Basic Info
  • Fiction
  • Short Story

Poet and fiction writer David Huddle trusts in the power of memory. While some writers warn us to avoid the thinly disguised autobiographical story or the confessional poem, Huddle encourages us to shape the events that shaped us. In The Writing Habit, Huddle observes: “If carving stone is more difficult than molding clay, then chipping something that really happened into a usable shape for a short story must be at least as much of an accomplishment as making something up.” I have found, as Huddle has, that by recalling the details of my own life, I get closer to the bones of a short story that is not about me.

This week, we will start with mining our pasts, with the help of Huddle’s “Questionnaire for an Autobiographical Portrait.” Then, we will move from “what happened” to “what if.” Often, it takes the perfect lie to get at the perfect truth. While a portion of each day will be devoted to discussion and close reading, most of our workshop will revolve around your own writing. Feel free to bring journal entries, artifacts, or your own stories (up to 12 double-spaced pages), and to share fresh material produced throughout the week. Writers at any level of experience are very welcome.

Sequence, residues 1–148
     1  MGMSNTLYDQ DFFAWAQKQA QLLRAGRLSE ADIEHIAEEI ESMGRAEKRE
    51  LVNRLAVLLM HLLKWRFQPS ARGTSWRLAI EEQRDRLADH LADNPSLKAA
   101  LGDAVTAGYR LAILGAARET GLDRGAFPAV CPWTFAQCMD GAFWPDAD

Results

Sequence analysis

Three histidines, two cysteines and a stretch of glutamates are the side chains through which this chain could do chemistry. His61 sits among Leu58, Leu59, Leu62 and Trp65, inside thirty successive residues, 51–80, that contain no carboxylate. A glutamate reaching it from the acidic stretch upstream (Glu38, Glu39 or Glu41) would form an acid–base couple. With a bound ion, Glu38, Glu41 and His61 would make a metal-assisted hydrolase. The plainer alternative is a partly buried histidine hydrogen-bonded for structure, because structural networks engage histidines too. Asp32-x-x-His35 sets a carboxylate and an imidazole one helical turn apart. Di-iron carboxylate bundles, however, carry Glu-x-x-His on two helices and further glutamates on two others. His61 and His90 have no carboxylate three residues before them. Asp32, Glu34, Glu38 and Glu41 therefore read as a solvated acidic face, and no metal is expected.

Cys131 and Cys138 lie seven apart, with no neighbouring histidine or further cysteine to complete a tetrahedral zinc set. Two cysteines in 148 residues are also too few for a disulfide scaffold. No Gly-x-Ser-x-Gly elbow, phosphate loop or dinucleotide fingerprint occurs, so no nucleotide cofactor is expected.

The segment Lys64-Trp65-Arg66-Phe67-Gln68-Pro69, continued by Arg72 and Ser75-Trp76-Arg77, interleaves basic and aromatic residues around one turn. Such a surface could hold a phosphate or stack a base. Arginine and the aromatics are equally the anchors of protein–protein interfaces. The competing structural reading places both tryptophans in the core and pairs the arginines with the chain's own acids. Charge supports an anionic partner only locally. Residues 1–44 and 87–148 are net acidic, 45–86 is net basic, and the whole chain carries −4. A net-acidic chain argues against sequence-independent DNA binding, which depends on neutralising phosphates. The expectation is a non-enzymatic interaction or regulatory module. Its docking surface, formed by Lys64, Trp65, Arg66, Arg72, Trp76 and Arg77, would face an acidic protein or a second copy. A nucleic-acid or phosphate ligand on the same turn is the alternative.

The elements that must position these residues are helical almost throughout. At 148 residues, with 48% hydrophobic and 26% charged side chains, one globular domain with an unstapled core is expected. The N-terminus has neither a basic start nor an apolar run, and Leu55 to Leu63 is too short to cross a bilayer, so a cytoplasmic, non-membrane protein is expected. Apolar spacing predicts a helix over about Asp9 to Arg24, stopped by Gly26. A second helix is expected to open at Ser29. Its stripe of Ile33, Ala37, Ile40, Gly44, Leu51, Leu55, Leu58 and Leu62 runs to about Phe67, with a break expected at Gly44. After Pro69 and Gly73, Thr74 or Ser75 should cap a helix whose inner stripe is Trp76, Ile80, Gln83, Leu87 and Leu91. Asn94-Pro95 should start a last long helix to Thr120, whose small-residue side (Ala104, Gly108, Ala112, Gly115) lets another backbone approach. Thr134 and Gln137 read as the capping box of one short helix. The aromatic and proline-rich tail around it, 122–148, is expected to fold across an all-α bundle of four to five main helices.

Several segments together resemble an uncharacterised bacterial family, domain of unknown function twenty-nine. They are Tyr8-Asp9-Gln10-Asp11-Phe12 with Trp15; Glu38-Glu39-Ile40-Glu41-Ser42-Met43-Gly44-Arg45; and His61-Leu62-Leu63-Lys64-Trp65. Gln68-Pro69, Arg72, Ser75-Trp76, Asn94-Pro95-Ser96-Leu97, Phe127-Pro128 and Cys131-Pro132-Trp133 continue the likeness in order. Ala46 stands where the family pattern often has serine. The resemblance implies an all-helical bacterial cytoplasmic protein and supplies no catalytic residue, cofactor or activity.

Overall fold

Cecile Goding


Cecile Goding (M.F.A., University of Iowa Writers’ Workshop; M.F.A., University of Iowa Program in Nonfiction Writing) comes from Florence, South Carolina where, in her late thirties, she took creative writing courses at her local university. She has worked for adult literacy nonprofits, libraries, polyester mills, computer companies, neighborhood centers, and a Saudi Arabian prince. Her poems, essays, and short fiction have appeared in newspapers, in literary journals, and around town. She encourages everyone to find one serious (but not too serious) writing partner and to buy from independent bookstores.